I am reading a book by psychologist Heidi Grant Halvorson on achieving goals. And surprisingly, it teaches a lot that is useful for a writer.
In her book “Succeed: How We Can Reach Our Goals”, Dr. Halvorson talks about having two ways of setting goals - be good or getting better. Be good goals are about proving ourselves, while getting better goals are about improving ourselves. The way we set the goal influences how we approach the goal, and whether we succeed in achieving it. It also influences our level of stress and the journey we take towards making the goal happen.
All of this is very abstract, so I will try to give a concrete example. Let’s say you are working on a book, your first novel. You get an idea, you are very excited. Then as you are writing, you notice that it’s no longer flowing as well, you seem to keep getting stuck. You write a scene and then compare that scene to your favorite books in that genre and fall short. You start to question yourself - what ever made me think I could be a writer? I am just kidding myself. You are stressed out, taut, irritable. Your family is secretly hoping you give up on this dream of being a writer if this is how you will be the whole time. You wonder what you’re doing wrong, and go on forums that talk about writer’s block and read quotes that describe writing as opening a vein.
What is going on really is that you are approaching your writing of the novel with a be good perspective. You want your book to be good, after all who doesn’t, and you are mentally comparing your performance of writing with that of successful, published authors, and seeing yourself falling short constantly.
Now let’s see another way to approach this. You sit down to write your first novel, excited, but aware that you probably have a lot to learn. You don’t have an MFA and didn’t take any fiction writing courses in University. So all you have is a story or the beginning of one, and a trusty laptop. You start writing and come to a point where the story breaks down, or it feels like every word you’re typing is the wrong one. You ask yourself what you’re doing wrong. Then you realize - this is your first novel. It couldn’t possibly be that great, or that easy to write. You decide to pause and get some books on craft, and devour them. Maybe you take an online writing course with a good instructor. Now with some knowledge, you get back to your book. And you realize that while it’s still hard, the scenes still seem floppy, at least you know what a scene is. You have a good idea of where this story is going. You can see that already you have improved so much. And you decide that no matter how terrible the writing is, you will power through and finish a draft, even if its very very rough. And you do. The whole time reminding yourself that it is a first novel, your first draft, and allowed to be terrible. You have some sleepless nights wondering if you can get to the end, but by and large you are not too stressed out. You even smile and laugh on occasion. You tell people about this crazy thing you are doing as an experiment, just to see where it will lead.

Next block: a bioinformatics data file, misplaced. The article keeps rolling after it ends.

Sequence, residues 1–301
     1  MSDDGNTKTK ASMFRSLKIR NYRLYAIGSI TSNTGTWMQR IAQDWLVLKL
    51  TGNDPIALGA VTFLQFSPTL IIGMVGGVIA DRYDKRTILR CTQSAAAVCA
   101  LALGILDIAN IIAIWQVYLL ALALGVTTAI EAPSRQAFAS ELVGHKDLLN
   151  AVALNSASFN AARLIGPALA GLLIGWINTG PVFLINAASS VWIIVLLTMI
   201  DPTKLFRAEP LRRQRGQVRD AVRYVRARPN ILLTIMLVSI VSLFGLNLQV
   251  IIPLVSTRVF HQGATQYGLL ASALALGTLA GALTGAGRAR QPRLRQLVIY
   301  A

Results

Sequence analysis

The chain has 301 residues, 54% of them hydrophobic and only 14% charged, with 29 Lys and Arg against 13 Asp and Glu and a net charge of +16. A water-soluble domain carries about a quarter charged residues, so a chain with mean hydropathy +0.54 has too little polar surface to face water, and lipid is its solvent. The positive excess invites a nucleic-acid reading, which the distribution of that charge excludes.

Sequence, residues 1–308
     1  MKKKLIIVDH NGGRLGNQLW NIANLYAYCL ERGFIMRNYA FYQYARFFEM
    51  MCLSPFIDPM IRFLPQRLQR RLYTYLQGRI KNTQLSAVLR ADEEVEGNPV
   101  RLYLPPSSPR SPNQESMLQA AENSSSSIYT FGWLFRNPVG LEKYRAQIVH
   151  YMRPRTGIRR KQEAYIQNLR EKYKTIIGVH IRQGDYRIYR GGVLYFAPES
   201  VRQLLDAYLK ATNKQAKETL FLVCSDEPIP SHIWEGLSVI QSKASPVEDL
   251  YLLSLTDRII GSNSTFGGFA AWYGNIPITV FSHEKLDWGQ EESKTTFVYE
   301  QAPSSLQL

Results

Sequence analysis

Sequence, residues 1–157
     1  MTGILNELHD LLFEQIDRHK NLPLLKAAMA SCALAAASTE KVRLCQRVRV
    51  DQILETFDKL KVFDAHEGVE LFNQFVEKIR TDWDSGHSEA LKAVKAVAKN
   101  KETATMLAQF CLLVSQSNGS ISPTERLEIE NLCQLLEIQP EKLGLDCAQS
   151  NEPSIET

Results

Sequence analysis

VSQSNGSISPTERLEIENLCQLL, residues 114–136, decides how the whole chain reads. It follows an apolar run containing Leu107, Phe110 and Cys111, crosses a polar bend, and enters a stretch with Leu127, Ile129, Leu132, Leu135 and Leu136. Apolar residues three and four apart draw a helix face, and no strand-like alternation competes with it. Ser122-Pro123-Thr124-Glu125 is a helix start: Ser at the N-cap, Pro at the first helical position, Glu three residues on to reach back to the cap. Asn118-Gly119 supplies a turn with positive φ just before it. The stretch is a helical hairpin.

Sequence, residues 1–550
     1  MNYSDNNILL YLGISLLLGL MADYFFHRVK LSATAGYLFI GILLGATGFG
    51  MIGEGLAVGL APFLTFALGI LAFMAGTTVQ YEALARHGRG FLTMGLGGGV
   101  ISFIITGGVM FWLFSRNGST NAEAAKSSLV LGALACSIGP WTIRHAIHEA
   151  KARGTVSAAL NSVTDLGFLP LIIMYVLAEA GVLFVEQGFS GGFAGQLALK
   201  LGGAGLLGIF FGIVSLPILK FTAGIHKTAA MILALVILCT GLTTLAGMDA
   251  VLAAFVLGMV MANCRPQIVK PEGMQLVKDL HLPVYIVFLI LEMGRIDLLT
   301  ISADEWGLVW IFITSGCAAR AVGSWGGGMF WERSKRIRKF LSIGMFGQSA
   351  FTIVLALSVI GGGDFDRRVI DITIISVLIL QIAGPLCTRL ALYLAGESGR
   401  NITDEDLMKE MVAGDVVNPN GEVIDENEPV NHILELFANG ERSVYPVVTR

At the end of a few months of less than agonizing work, you have a rough draft of your novel. And then you go back to those books on craft, and revise the whole thing. Pulling out scenes ruthlessly, working on the motivations of your characters, agonizing over every word choice. But you can see through the process, that no matter how hard it is, the book is getting better. And you are improving as a writer with every hour you spend. This is how you tackle writing with a getting better perspective.
Notice some differences? Notice that both writers start with the same overall goal - to write a first novel. But the first writer wants their work to be instantly good, to be comparable with that of seasoned authors who have honed their craft over millions of words. While it sounds silly when I point it out, I know this isn’t so unusual. In fact, I was doing this just yesterday. I am working on a book of personal essays, and recently started reading a funny memoir by writer Jennifer Weiner - Hungry Heart. I haven’t really read many of her books, but this one is really good. So good that I am unable to get back to working on my own book at present, because I am so deflated by the thought of my own paltry language skills. But I forgot, until I wrote this post, that she has many best-selling books under her belt, and many more years of writing. I should aspire to be a good writer, even a great one. But I shouldn’t let that aspiration for tomorrow stop me from putting down the words today.
Be good is a great goal for certain situations. If you have practiced for years and are going on stage to perform, by all means have your goal be to be as good as you possibly can. Aim to give a flawless performance. But if you are walking into dance class or acting class or poetry writing class, for the first time, or the fiftieth, but you are going to learn a new routine or try a new form of the skill, then walk in with an attitude of getting better. Aim to learn, to improve, to start wherever you are and build from there.
If you are a newbie writer, by all means look up to your writing heroes for inspiration. But don’t forget to come back down to earth, and remember that you starting with a different mound of clay than them, and you don’t yet have a potter’s practiced hand. But that is no excuse to fear the clay - work with it, make it your own, put in the time. And maybe one day you will even be sitting right next to one of those heroes, working the clay with the same level of confidence, with the same skill. And your finished pots will be just as beautiful.